Dark Arts 101: Be rigorous, on average

by PhilGoetz 2 min read31st Dec 201433 comments

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I'm reading George Steiner's 1989 book on literary theory, Real Presences. Steiner is a literary theorist who achieved the trifecta of having appointments at Oxford, Cambridge, and Harvard. His book demonstrates an important Dark Arts method of argument.

So far, Steiner's argument appears to be:

  1. Human language is an undecidable symbol-system.
  2. Every sentence therefore carries with it an infinite amount of meaning, the accumulation of all connotations, contexts, and historical associations invoked, and invoked by those invocations, etc. Alternately, every sentence contains no meaning at all, since none of those words can refer to things in the world.
  3. The meaning of a sentence, therefore, is not finite or analyzable, but transcendent.
  4. The transcendent is the search for God.
  5. Therefore, all good literature is a search for God.

The critics quoted on the back of the book, and its reviews on Amazon, praise Steiner's rigor and learning. It is impressive. Within a single paragraph he may show the relationship between Homer, 12th-century theological works, Racine, Shakespeare, and Schoenberg. And his care and precision with words is exemplary; I have the impression, even when he speaks of meaning in music or other qualia-laden subjects, that I know exactly what he means.

He was intelligent enough to trace the problems he was grappling with out past the edges of his domain of expertise. The key points of his argument lie not in literary theory, but in information theory, physics, artificial intelligence, computability theory, linguistics, and transfinite math.

Unfortunately, he knows almost nothing about any of those fields, and his language is precise enough to be wrong, which he is when he speaks on any of those subjects. How did he get away with it?

Answer: He took a two-page argument about things he knew little about, spread it across 200 pages, and filled the gaps with tangential statements of impressive rigor and thoroughness on things he was expert in.

For example, the first chapter discusses, with perhaps a hundred references, his opinion that the best art criticism is art made in response to art, his theory that good art is always derived from earlier art, and observations on the etymology of words; but most especially his consternation at the hundreds of thousands of articles, books, and talks on literature produced yearly by people who are not professors at Cambridge, Oxford, or Harvard. Then on page 36, he says,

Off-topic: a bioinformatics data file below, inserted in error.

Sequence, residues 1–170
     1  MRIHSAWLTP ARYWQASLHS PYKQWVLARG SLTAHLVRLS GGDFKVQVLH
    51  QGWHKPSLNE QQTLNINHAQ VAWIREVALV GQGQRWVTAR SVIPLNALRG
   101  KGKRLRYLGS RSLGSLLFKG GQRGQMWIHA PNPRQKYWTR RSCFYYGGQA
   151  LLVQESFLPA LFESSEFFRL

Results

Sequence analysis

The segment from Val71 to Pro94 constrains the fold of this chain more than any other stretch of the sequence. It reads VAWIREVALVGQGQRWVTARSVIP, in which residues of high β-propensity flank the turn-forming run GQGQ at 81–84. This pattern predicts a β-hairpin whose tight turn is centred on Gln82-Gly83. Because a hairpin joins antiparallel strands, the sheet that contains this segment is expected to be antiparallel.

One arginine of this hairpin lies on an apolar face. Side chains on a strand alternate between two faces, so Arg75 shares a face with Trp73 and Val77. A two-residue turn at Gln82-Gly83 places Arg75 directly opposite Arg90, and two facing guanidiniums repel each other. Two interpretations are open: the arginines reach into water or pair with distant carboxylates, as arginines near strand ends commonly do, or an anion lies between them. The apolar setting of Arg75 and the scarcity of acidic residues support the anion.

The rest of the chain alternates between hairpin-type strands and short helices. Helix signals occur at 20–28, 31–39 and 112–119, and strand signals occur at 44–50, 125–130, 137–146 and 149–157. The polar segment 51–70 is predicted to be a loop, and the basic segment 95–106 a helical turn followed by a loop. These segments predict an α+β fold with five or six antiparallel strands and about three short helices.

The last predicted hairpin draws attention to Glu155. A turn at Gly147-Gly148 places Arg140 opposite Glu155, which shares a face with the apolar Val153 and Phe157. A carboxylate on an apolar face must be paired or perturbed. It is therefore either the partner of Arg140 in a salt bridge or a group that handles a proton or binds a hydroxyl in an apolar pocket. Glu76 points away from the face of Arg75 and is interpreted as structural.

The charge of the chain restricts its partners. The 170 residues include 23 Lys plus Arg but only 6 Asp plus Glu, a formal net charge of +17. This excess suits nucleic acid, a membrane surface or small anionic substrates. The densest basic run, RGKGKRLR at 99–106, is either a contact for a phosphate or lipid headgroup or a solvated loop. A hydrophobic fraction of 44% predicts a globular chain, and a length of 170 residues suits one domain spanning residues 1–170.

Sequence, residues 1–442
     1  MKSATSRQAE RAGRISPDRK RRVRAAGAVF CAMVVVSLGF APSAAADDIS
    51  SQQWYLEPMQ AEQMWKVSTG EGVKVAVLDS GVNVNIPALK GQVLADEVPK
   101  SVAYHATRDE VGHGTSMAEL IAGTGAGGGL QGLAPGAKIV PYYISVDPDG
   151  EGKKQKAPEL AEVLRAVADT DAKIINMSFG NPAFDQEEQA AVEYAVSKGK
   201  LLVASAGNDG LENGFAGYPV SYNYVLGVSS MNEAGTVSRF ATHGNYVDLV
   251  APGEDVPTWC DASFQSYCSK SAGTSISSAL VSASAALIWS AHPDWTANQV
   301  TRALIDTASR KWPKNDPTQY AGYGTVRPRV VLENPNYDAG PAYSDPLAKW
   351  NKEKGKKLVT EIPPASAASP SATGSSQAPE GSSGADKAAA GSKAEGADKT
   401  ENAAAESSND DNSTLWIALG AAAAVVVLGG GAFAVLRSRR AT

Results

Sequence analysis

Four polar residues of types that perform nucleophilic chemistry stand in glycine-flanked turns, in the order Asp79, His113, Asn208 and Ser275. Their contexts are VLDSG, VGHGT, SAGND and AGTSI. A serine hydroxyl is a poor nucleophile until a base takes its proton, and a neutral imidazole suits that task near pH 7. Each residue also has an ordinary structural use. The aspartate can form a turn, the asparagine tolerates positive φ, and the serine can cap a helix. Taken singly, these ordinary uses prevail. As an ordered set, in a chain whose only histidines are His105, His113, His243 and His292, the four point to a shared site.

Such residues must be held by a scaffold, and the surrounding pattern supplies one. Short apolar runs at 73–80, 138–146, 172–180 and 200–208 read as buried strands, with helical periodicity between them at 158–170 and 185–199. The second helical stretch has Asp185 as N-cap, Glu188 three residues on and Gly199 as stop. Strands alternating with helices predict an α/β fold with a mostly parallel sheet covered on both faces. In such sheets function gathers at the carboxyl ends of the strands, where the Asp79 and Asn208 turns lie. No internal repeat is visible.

The positing of an opinion about a painter, poet or composer is not a falsifiable proceeding.

I think this is the only sentence in the chapter that is a crucial part of his argument. But instead of engaging with the body of literature on what falsifiable means, whether human language is falsifiable in general (is "Ben is tall" falsifiable?), and what falsifiability has to do with the communication of information, Steiner lowlights this sentence with its syntactic simplicity, and nearly buries it in complex, learned sentences about Dante, Mozart, and hermeneutics. We dive back into litspeak, to emerge again into his argument on page 61:

All elucidation and criticism of literature, music and the arts must operate within the undecidability of unbounded sign-systems... Talk can be neither verified nor falsified in any rigorous sense.

Here one should ask: If human language is recursively enumerable, why don't people understand sentences generated by context-free grammars for English when they go past one level of recursion ("The mouse the cat the dog chased chased squeaked")? And doesn't "undecidable" mean "there exists at least one undecidable sentence" rather than "all sentences are undecidable"?

But one does not; one goes on to Steiner's opinions of Tolstoy's opinions of King Lear. It will be nearly another 20 pages before we hit the next key point in his argument, which relies on his not knowing that one can compute the sum of some infinite series. The bulk of the first 90 pages [1] is impressive displays of learning which fill in the vast spaces between the points (almost literally) of his argument.

Unless a reader pays close enough attention to catch these brief ventures outside Steiner's areas of expertise, he will come to the end of the book with (A) a summary of Steiner's argument, and (B) the strong impression that the statements in the book were learned and rigorous. And thus, the argument carries.

ADDED: After looking at the long section on the impossibility of meaning that begins around page 90, it seems Steiner is not trying to argue points 1 and 2 at all when he refers to them in chapters 1 and 2. He is merely foreshadowing. On p. 102-103 we reach the heart of his defense of points 1 and 2, which is to say "Wittgenstein said so." I'm afraid that, if I finish the book, I might find a better summary of the method here to be that the key points of his argument are defended only by appeals to authority.


[1] This pattern breaks down around page 90, where Steiner begins a long spiral into his central thesis.

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